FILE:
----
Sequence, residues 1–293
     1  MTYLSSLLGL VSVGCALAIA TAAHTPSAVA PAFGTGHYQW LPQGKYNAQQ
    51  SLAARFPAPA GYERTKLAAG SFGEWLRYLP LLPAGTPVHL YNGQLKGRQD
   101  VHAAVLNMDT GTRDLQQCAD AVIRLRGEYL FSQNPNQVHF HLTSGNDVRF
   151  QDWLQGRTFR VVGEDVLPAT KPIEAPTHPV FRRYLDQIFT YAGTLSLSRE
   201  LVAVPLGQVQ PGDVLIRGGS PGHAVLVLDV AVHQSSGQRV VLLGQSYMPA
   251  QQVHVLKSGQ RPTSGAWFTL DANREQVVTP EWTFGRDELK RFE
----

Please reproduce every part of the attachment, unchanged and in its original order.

Sequence, residues 1–293
     1  MTYLSSLLGL VSVGCALAIA TAAHTPSAVA PAFGTGHYQW LPQGKYNAQQ
    51  SLAARFPAPA GYERTKLAAG SFGEWLRYLP LLPAGTPVHL YNGQLKGRQD
   101  VHAAVLNMDT GTRDLQQCAD AVIRLRGEYL FSQNPNQVHF HLTSGNDVRF
   151  QDWLQGRTFR VVGEDVLPAT KPIEAPTHPV FRRYLDQIFT YAGTLSLSRE
   201  LVAVPLGQVQ PGDVLIRGGS PGHAVLVLDV AVHQSSGQRV VLLGQSYMPA
   251  QQVHVLKSGQ RPTSGAWFTL DANREQVVTP EWTFGRDELK RFE